Intellectual curiosity is a frustrating affliction. As anybody who has become stymied by overexposure to the outputs of the news-information-entertainment cycle, recently perfected in the Internet age, can attest, curiosity's primary downfall is in addiction. With seemingly everything passing as knowledge nearly immediately available, information quickly becomes black tar for the average "life-long learner."
Consider, for instance, the cognition required to internalize the data contained in a newspaper: The big-city, cosmopolitan daily demands minimal context for its stories and only the most basic literacy for the user to "understand" them. As a consequence of the format, it must consistently renew a superficial understanding of transient events for the benefit of all casual or occasional consumers of the product. Above all, it wishes to secure a recurring interest from these consumers. Dramatization -- the hocking of apocalyptic memes -- turns out to be the magic bullet for efficiently fulfilling all of these requirements.
The newspaper reader -- second-tier thought-parroter and dramatizer -- also has these resources at the ready for his benefit. A crowd of newspaper readers can triumphantly inform us that we're all going to die from pandemic illness (or we'll be rendered sterile by the vaccine); that the country is nose-diving into socialist hell, threatening our very freedom (or that capitalist elites are hell-bent on devaluing our currency and seizing our ill-earned assets); or that trenchant racism is the root of all our existing problems (or that immigrants are, or affirmative action). Take your pick; like sugar-sweetened candy, it is the starkness of these memes and not their nutritive truth that works in favor of their perpetuation.
Thus, more than merely entertaining, these micro-apocalyptic tales are a perfect mechanism of control for those with meager long-range vision or understanding of history -- the "thin" intelligentsia, the noise-makers; the vast majority of self-styled "life-long learners." Knowing and being able to passionately discuss these disconnected thoughts, notions and sound bites, something that demands only entry-level mental faculties, is then the emergent reality; social life, and other spheres of life by extension, become dominated by it as a result. Those riding the top of the bell curve find themselves fixed in a game in which they have the power to move the goalposts by virtue of mere mass participation; it is a cacophonous and confused one, where memes careen wildly like bullets through a coliseum, making it impossible for all but the steeliest or dumbest to survive the chaos unscathed.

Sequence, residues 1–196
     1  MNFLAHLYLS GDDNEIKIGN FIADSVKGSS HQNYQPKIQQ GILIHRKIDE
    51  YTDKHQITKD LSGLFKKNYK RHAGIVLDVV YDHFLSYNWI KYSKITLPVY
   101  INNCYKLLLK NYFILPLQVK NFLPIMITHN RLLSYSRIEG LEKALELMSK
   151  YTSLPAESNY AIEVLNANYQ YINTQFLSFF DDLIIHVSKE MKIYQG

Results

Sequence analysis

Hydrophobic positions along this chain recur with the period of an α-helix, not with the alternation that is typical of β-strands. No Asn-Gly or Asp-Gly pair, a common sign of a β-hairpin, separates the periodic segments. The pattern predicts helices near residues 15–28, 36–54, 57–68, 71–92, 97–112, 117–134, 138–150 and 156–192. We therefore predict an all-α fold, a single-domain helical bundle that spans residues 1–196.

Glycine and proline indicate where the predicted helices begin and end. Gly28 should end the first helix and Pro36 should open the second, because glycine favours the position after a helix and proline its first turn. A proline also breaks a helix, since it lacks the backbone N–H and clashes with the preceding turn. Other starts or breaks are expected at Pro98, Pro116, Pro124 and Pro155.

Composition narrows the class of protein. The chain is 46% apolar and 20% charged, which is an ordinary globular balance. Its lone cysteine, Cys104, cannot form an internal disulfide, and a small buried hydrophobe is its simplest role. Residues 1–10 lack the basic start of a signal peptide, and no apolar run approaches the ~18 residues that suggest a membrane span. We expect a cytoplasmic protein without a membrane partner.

In such an environment, it becomes tempting to simply grab a gun and start firing with the rest. Read the popular pundits, peruse the important magazines, listen to news and opinion radio and the podcasts; share everything you know with everybody you meet to brandish your social worth. Don the wardrobe and the countenance of the informed; this is the Information Age, after all, and anything less than total participation will leave one a target of ridicule or resentment by the crowd.
The latter fact, in particular, will tend to bruise one's ability to navigate currents necessary for day-to-day movement and survival, polluted as they may appear. But why does that matter? Why cater to the trivial, dull-witted and pedantic at all? It matters for the same reason any petty life challenge matters: To live order and purpose through entropy is not only necessary but desirable, whether that entropy be merely informational or existential in nature. This is a matter of reaching beyond passive survival to active dominion within one's station.
In the present case: although love of "learning" seems like it should be a rare condition, it only becomes useful when tempered by an even rarer constitution that requires, inwardly, no capitulation to Free Information's costly attendant demands. It is only after the fog of youthful and confused idealism is lifted -- a nihilist clearing of the all the clouded thinking dominated by social means utilized as ends -- that such errors can be spotted and kept in the crosshairs. For the vast majority this will never be possible; what remains for them instead is passive resonance, which means a merging with the pleasant noise blanketing their thoughts and reminding them they are not alone.
In contrast, much belongs to those in whom such long-range vision is a natural trait and who, upon recognizing its truth, constantly hone their skill with it -- a true investment in learning to which all other types are completely subservient. Without this effort, all the "intelligence" and "knowledge" in the world is destined to obscurity in the earthly din of the noise-dwellers, meme-repeaters and dramatizers.
November 12, 2009